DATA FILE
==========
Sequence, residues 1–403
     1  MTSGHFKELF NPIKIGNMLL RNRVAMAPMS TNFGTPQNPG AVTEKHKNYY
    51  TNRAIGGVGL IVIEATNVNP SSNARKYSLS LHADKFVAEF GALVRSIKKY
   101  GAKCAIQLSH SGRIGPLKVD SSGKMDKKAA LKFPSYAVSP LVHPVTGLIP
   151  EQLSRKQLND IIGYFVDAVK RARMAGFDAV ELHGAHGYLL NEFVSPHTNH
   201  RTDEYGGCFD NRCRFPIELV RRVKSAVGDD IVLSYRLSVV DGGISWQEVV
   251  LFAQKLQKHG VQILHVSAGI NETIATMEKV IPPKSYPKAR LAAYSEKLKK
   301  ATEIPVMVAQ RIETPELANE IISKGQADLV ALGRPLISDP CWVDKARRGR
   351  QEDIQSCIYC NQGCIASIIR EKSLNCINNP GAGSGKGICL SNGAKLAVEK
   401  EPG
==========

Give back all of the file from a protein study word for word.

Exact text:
Sequence, residues 1–403
     1  MTSGHFKELF NPIKIGNMLL RNRVAMAPMS TNFGTPQNPG AVTEKHKNYY
    51  TNRAIGGVGL IVIEATNVNP SSNARKYSLS LHADKFVAEF GALVRSIKKY
   101  GAKCAIQLSH SGRIGPLKVD SSGKMDKKAA LKFPSYAVSP LVHPVTGLIP
   151  EQLSRKQLND IIGYFVDAVK RARMAGFDAV ELHGAHGYLL NEFVSPHTNH
   201  RTDEYGGCFD NRCRFPIELV RRVKSAVGDD IVLSYRLSVV DGGISWQEVV
   251  LFAQKLQKHG VQILHVSAGI NETIATMEKV IPPKSYPKAR LAAYSEKLKK
   301  ATEIPVMVAQ RIETPELANE IISKGQADLV ALGRPLISDP CWVDKARRGR
   351  QEDIQSCIYC NQGCIASIIR EKSLNCINNP GAGSGKGICL SNGAKLAVEK
   401  EPG